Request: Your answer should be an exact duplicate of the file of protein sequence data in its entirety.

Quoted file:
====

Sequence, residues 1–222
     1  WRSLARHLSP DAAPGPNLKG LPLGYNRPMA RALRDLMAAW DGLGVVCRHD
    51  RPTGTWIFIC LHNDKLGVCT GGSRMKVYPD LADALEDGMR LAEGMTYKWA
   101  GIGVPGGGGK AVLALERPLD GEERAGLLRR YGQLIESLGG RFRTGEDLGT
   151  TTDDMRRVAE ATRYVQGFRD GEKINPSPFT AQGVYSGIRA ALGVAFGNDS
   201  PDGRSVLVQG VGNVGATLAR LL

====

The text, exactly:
Sequence, residues 1–222
     1  WRSLARHLSP DAAPGPNLKG LPLGYNRPMA RALRDLMAAW DGLGVVCRHD
    51  RPTGTWIFIC LHNDKLGVCT GGSRMKVYPD LADALEDGMR LAEGMTYKWA
   101  GIGVPGGGGK AVLALERPLD GEERAGLLRR YGQLIESLGG RFRTGEDLGT
   151  TTDDMRRVAE ATRYVQGFRD GEKINPSPFT AQGVYSGIRA ALGVAFGNDS
   201  PDGRSVLVQG VGNVGATLAR LL